The "wedding" of Jake Paul and Tana Mongeau is part of a larger YouTube phenomenon

After months of vlogs, Instagram stories and intense build-up, YouTube stars Jake Paul and Tana Mongeau brought their best friends, families, hundreds of strangers, thousands of online viewers and a full MTV camera crew to Las Vegas on Sunday to see the two controversial makers & # 39; marry & # 39 ;. The result is a disturbing but inevitable prediction of the future for the greatest personalities of YouTube and the platform as a whole.

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Their marriage was perhaps the influencer event of the year, but against the background for which it was all orchestrated Mongeau & # 39; s MTV series, Tana turns 21. There is no evidence that the pair is legally married, or evidence that they stay together after the life of the schtick. Even Logan Paul, Jake & # 39; s older brother and colleague YouTuber, doesn't believe it's real. Nothing more than that 66,000 people who spend $ 50 on a live stream of the ceremony as if it were a pay-per-view boxing match, but all that led to the big moment was a departure from what made YouTube work in the first place.

In 2019, authenticity was replaced by pomp and relations with viewers were manipulated to give the public something shamelessly produced to make a profit. Everything had to look real, but nothing did it. The whole relationship between Paul and Mongeau has become the embodiment of every reality show. It is also the next step for YouTube makers.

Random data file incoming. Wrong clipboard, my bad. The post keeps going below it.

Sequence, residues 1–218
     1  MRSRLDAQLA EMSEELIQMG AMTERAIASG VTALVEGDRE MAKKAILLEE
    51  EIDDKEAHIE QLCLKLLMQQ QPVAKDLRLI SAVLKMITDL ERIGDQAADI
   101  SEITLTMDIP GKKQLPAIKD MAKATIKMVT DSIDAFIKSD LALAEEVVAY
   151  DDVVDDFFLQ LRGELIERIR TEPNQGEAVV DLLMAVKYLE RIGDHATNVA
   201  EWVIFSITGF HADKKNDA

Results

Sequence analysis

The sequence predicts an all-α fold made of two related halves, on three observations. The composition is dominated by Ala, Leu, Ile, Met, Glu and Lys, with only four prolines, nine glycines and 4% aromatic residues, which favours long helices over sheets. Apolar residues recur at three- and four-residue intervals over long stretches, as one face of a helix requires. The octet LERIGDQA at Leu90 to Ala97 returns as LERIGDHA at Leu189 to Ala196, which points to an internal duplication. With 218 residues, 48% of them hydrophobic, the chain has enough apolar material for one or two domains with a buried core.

Mongeau is willing to admit that traditional celebrity art is something she actively cherishes with her YouTube fame. "I remember being 13 years old and literally when the Kardashians first broadcast, as if they were:" I was made for that shit. Like I'm made for reality TV & # 39; & # 39 ;, Mongeau told Teen Vogue earlier this year.

Although Mongeau told me Teen Vogue that she is completely transparent to her fans, adding that she "wants to give my most, like, raw authentic self", it is hard to say how much of it is true if everything about her relationship with Paul felt fake this month. Mongeau and Paul can get away with it because their online self has changed into more than life-sized personalities. They have renamed themselves TV reality stars and have brought that energy to the wider YouTube community.

"What we see with Tana is that she gives up part of that authenticity and freedom to work with MTV and get bigger," Christopher Boutté, a YouTube commentator and author of a new book about makerstold The edge. "I think Jake Paul saw this opportunity when Tana crossed the main stream and Jake Paul tries to do something about it."

It should not seem so unusual. The YouTube community has been borrowed from reality TV's most innovative storytelling tool – confessionals – to create what the whole world now sees as modern vlogging. It worked extremely well. But as the vlog format went out of style, makers are now looking for new and creative ways to stay relevant and attract people's attention. For makers like Paul and Mongeau this meant a return to the attributes of reality TV.